Vietnamese community celebrates Our Lady for Mother’s Day

GREENVILLE — Vietna­mese Catholics of South Carolina celebrated Mother’s Day and the feast of Our Lady of La Vang on May 10 at Our Lady of the Rosary Church. The crowd was so big that Deacon Ray Perham commented: “We’ve got more people than we’ve got church, which is a good thing.”
The annual celebration commemorates an apparition of the Blessed Mother to the people of central Vietnam in 1798, and is a major attraction.
Besides the authentic food, striking music, colorful outfits, flowers and displays, it marked the first appearance in the Upstate of the Diocese of Charleston’s new bishop. Most Rev. Robert E. Guglielmone celebrated the Mass that was the centerpiece of the day and gave the homily. He wore a new set of embroidered white vestments given to him by the same Vietnamese community at his installation in March. He was greeted for the procession before Mass with a standing ovation.
In an interview with The Miscellany, the bishop said that he had never been to a Vietnamese Catholic celebration before, but considered the Our Lady of La Vang event too important to miss, even though his presence meant a 400-mile round trip from the see city over the weekend.
“I’ve never seen a congregation that prays so beautifully,” Bishop Guglielmone said. “It’s appropriate that today is the secular holiday of Mother’s Day when we also celebrate Our Lady of La Vang. The great gift of God’s love was made possible because the Blessed Virgin Mary said ‘yes.’ I was happy to receive the invitation.”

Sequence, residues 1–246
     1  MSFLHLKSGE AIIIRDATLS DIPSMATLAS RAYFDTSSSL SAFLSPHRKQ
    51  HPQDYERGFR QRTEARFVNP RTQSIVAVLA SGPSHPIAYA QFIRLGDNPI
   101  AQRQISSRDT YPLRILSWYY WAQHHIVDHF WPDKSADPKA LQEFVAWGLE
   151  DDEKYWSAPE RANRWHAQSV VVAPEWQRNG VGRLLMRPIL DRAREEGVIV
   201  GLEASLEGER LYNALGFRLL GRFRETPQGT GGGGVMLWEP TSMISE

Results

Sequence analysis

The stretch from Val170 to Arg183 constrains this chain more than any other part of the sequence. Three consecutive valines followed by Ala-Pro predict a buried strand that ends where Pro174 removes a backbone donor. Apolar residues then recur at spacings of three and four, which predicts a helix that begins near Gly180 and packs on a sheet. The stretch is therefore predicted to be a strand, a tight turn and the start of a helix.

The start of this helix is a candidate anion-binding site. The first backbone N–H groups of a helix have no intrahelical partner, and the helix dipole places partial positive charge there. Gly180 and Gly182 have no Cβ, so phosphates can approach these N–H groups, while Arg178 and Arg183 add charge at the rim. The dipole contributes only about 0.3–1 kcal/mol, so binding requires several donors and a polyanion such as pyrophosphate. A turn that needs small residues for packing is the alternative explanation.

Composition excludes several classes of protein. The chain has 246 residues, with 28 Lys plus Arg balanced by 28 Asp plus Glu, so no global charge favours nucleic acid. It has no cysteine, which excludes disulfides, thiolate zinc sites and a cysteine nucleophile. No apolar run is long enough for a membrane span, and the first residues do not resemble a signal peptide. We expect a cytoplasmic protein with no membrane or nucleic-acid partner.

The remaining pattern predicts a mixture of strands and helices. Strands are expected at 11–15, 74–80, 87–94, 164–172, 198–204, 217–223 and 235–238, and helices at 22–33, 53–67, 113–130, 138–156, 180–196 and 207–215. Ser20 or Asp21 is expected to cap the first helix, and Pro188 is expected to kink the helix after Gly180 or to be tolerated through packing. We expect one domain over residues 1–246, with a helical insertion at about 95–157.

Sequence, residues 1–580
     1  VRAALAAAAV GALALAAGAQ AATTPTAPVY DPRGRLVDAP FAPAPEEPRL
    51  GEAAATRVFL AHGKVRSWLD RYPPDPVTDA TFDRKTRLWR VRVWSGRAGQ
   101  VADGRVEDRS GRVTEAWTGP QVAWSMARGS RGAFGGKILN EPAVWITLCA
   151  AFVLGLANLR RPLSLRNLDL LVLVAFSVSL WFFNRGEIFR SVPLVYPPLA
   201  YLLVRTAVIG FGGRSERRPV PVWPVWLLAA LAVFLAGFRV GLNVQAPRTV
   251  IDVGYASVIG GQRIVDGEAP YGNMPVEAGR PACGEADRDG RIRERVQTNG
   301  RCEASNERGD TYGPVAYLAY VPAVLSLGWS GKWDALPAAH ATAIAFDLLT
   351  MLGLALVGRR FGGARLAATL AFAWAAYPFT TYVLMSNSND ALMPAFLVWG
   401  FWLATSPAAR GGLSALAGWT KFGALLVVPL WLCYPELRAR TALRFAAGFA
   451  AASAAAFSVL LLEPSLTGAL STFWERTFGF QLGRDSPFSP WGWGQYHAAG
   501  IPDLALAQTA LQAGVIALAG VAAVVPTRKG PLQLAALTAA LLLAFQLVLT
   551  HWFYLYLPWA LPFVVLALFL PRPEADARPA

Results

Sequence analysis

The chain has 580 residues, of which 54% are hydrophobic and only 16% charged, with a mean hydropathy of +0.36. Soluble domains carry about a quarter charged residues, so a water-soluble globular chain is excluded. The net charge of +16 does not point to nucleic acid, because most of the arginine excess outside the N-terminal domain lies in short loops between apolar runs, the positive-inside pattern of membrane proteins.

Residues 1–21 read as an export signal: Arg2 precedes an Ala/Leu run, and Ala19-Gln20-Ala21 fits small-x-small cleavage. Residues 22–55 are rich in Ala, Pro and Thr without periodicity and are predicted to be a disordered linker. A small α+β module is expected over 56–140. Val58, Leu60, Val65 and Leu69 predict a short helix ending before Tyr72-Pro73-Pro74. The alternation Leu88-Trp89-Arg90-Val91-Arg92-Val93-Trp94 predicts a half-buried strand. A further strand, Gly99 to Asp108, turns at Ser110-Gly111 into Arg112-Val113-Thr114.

In his homily, the bishop spoke about a childhood friend who, as a young man, drifted away from the church and even from any kind of relationship with God. One day, following an ocean surge from a hurricane, a beach on Long Island was littered with thousands of dying fish that had been stranded out of water. The man’s mother showed him the scene and told him that the fish were dying because they had lost their connection to the sea, just as the friend had lost his connection with God.
“He was in the same shape; he was dying spiritually. ‘Apart from me,’ Jesus said, ‘you can do nothing.’ His mother brought him to the truth,” Bishop Guglielmone said. “Mary seems to be constantly present to remind us to do what is necessary to stay connected to her son.”
As he spoke, Franciscan Father Dac T. Tran, administrator of Our Lady of the Rosary, translated the bishop’s words into Vietnamese. A combined choir from the parish and St. Anne Church in Rock Hill sang in the same language, but needed no translation.
“The choir was powerful and strong; the music was wonderful,” Bishop Guglielmone said.
Girls in native costume brought flowers and candles to the statue of Our Lady of La Vang that had been carried to the liturgy in procession around the church and school property. Many women wore the traditional Vietnamese dress, the ao dai. Four of them presented a painting of the Vietnamese martyrs to the bishop on behalf of the entire community.
The 40-person combined choir was led by Trinh Tran of Our Lady of the Rosary and Sister Agnes Hanh, of St. Anne. Nearly a dozen fourth-degree Knights of Columbus in full regalia escorted the bishop. Father Tran thanked Kathleen Merritt, diocesan director of ethnic ministries, for her assistance with the annual event, and an impressive feast with entertainment followed.